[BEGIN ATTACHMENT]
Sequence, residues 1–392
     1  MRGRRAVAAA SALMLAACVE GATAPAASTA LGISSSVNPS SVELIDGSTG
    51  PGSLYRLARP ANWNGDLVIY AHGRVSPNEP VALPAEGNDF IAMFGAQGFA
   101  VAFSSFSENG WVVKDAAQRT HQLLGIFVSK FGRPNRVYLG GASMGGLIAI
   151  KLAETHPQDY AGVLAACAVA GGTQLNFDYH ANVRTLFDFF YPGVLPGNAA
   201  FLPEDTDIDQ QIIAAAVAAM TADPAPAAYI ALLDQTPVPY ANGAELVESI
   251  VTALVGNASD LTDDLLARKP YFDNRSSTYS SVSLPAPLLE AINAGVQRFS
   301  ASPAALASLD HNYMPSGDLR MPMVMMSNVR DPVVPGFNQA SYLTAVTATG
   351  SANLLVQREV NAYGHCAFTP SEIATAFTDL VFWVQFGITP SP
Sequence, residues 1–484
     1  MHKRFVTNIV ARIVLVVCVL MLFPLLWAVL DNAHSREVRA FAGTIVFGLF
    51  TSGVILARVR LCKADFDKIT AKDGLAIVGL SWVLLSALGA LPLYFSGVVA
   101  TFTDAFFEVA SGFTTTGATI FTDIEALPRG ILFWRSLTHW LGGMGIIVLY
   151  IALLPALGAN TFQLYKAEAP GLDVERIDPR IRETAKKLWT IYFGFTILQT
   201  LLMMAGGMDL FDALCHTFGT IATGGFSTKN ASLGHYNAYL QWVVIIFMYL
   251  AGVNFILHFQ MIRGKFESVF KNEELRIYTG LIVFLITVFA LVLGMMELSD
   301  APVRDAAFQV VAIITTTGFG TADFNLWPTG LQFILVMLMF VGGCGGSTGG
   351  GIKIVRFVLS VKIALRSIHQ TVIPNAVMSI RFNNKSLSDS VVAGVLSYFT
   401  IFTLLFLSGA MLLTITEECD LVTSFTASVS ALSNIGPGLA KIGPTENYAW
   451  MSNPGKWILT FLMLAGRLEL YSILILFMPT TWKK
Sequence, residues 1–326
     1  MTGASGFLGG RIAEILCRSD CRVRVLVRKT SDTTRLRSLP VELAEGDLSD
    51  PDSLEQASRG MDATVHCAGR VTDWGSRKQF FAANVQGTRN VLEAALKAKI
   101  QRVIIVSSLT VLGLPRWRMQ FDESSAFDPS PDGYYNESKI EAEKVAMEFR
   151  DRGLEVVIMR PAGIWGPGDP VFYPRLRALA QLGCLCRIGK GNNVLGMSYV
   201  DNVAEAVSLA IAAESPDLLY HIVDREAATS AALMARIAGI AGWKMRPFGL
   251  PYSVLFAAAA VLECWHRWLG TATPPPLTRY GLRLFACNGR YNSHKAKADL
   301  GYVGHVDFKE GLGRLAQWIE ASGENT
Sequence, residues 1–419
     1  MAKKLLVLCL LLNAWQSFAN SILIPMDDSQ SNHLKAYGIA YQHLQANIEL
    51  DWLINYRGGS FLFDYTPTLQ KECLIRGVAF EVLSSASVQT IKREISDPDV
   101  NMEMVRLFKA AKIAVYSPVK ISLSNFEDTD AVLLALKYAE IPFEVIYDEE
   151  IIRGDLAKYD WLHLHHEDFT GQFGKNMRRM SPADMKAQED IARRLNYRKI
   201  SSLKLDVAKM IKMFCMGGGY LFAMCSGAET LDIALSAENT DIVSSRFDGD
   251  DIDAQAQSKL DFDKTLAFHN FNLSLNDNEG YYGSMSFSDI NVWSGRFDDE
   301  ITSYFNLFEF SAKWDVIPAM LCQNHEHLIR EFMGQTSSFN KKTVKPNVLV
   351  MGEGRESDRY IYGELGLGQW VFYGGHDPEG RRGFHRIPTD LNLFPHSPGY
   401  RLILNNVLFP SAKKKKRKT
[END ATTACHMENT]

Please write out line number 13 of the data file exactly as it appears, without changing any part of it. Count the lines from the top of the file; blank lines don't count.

   101  TFTDAFFEVA SGFTTTGATI FTDIEALPRG ILFWRSLTHW LGGMGIIVLY